|DEAD MAN WORKING|
|Cast: ||Erik Wolfe, Deirdre Brennan, Erik Wolfe, Noam Chomsky, Steven Schlozman, Scott Kenemore, Kim Paffenroth, Jeffrey Mantz|
|Crew: ||Executive Producers: Lawrence Stiller, Luis Gonzalez, Kristin Grossano, L.e. Salas - Screenwriters: L.e. Salas - Cinematographer: Ryan Alexander - Editor: L.e. Salas
2012. The recently deceased are mysteriously rising from their graves. An emerging group of the living dead have people down-right scared...of losing their jobs. These fresh (and sometimes not so fresh) corpses are not here to eat the living; they have retained their memory of work and need to feed their hunger. With the recent economic crisis and other issues that dominate the news and popular zeitgeist, a new and inexpensive work force has evolved. They work for practically nothing. They don't need bathroom breaks. They don't need health care. They technically don't need food. For the corporation constantly criticized for its lack of compassion and ethics, it is the perfect answer to outsourcing. From blue-collar and white-collar jobs, to film, music and fashion; no one is safe.Everyone is feeling the bite. Where did these zombies come from? How did they evolve right under our noses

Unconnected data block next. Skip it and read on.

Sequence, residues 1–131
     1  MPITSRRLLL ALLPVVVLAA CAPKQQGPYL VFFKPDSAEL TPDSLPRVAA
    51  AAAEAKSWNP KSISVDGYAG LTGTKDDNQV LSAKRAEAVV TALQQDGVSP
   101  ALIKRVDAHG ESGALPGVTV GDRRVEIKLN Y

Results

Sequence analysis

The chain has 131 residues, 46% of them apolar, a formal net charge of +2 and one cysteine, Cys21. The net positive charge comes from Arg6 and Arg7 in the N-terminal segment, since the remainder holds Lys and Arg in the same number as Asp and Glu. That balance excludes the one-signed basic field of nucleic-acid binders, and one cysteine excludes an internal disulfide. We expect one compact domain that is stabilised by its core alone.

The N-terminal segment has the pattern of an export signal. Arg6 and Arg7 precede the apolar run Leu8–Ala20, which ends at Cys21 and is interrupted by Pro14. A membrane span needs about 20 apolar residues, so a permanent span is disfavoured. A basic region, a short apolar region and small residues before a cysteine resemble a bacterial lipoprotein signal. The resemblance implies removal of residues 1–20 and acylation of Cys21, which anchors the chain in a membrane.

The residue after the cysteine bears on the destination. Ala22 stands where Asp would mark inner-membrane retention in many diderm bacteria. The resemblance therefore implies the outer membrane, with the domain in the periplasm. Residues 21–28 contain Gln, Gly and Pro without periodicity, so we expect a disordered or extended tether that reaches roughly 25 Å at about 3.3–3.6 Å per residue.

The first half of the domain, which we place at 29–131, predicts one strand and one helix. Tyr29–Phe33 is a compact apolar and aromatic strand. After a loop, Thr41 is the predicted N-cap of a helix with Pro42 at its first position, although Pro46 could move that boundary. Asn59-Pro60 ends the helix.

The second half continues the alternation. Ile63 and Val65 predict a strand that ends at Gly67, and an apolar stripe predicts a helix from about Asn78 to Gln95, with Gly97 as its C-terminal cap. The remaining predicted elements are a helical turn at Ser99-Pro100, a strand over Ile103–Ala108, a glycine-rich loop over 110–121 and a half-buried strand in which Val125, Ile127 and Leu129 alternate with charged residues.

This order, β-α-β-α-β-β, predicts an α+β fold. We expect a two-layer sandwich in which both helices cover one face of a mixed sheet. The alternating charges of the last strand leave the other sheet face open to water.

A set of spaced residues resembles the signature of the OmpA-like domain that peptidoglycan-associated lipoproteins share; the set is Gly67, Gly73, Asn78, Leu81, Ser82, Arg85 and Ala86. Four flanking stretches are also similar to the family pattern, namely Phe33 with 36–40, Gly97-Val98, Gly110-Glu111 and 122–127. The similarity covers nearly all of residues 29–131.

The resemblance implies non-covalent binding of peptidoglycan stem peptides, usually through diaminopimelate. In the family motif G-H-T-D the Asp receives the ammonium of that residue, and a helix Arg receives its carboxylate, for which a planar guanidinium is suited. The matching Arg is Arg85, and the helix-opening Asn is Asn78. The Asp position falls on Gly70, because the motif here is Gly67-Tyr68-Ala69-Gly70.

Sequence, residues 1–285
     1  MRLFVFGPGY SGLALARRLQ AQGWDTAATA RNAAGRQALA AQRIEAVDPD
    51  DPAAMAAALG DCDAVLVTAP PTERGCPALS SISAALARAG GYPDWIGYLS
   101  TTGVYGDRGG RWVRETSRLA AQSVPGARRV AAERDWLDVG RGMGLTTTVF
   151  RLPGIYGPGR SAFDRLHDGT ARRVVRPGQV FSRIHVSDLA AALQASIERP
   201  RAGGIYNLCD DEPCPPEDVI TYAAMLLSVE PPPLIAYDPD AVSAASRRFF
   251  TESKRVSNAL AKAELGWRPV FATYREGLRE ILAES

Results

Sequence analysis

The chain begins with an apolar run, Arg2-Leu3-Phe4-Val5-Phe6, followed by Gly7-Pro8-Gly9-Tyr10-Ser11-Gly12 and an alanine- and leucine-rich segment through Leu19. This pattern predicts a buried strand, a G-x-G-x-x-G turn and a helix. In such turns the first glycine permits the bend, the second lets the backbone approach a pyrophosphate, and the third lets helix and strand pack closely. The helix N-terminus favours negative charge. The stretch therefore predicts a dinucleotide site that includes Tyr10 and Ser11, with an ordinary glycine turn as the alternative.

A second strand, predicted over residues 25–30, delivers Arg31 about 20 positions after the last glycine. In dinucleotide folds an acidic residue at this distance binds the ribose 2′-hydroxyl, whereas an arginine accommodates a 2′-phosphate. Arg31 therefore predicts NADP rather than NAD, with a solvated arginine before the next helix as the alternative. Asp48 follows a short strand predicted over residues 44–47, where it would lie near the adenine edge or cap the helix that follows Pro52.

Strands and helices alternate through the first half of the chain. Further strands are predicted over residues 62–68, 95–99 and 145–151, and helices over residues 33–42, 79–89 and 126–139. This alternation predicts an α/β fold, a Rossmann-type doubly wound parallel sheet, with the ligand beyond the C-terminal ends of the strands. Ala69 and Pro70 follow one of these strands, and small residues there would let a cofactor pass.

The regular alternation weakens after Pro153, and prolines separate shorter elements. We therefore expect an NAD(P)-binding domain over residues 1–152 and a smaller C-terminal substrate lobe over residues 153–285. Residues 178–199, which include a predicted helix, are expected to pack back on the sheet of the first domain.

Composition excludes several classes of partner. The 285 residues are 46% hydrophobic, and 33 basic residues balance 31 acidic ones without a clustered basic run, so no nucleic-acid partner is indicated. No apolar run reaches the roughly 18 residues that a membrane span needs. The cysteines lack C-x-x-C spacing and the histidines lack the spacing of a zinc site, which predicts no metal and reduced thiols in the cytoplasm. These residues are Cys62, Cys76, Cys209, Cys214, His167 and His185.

L.E. Salas is an award-winning filmmaker and visual artist who has had the honor of working and studying diverse, award-winning directors, producers and production companies. His professional directorial debut Far From the Island: A Cuban-American Documentary (2006), garnered attention from the academe and was invited to screen at colleges universities such as Duke, UVA, Seton Hall, Missou, and Yale. It would later become an official selection at the Orlando International Film Festival in 2008.
Salas went on to work as assistant director on Canadian filmmaker Bruce LaBruce’s L.A. Zombie, which premiered at the Locarno Film Festival in Switzerland and made its North American premiere at the Toronto Film Festival in 2010.
In 2013, his allegorical docufiction Dead Man Working, about the recently deceased rising from their graves and taking jobs from the living during the current economic climate, was well received in the film festival circuit and garnered awards for “Best Editing,” “Best Screenplay” and “Best Feature.”
I began research on this project in August of 2009 while on production of Bruce Laburuce’s L.A. Zombie in Los Angeles. This was not your typical zombie movie in production. Labruce made a career with films that teeter on a mixture of art and erotica had crossed another road; gay zombie erotica. As an avid horror and zombie film connoisseur, I decided it would be interesting to use this element of the living dead tied to a narrative comedic film that would have satirical aspects of current U.S. political issues such as immigration, healthcare and the economy.